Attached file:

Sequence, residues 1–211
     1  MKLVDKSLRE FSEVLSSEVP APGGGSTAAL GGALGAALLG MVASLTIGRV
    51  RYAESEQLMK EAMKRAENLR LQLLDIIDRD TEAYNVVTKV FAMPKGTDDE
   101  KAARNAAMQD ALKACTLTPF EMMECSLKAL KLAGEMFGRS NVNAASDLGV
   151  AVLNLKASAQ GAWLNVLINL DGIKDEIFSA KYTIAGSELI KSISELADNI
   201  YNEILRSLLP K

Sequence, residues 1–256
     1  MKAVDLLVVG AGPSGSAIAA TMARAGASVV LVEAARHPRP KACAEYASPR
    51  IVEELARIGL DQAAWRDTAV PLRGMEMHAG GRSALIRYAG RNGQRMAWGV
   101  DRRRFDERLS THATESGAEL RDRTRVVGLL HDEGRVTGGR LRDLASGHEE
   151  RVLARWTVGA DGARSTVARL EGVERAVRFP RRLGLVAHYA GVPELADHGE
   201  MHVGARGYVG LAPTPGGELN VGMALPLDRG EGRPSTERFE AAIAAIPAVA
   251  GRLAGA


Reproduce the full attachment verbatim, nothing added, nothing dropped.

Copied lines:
Sequence, residues 1–211
     1  MKLVDKSLRE FSEVLSSEVP APGGGSTAAL GGALGAALLG MVASLTIGRV
    51  RYAESEQLMK EAMKRAENLR LQLLDIIDRD TEAYNVVTKV FAMPKGTDDE
   101  KAARNAAMQD ALKACTLTPF EMMECSLKAL KLAGEMFGRS NVNAASDLGV
   151  AVLNLKASAQ GAWLNVLINL DGIKDEIFSA KYTIAGSELI KSISELADNI
   201  YNEILRSLLP K

Sequence, residues 1–256
     1  MKAVDLLVVG AGPSGSAIAA TMARAGASVV LVEAARHPRP KACAEYASPR
    51  IVEELARIGL DQAAWRDTAV PLRGMEMHAG GRSALIRYAG RNGQRMAWGV
   101  DRRRFDERLS THATESGAEL RDRTRVVGLL HDEGRVTGGR LRDLASGHEE
   151  RVLARWTVGA DGARSTVARL EGVERAVRFP RRLGLVAHYA GVPELADHGE
   201  MHVGARGYVG LAPTPGGELN VGMALPLDRG EGRPSTERFE AAIAAIPAVA
   251  GRLAGA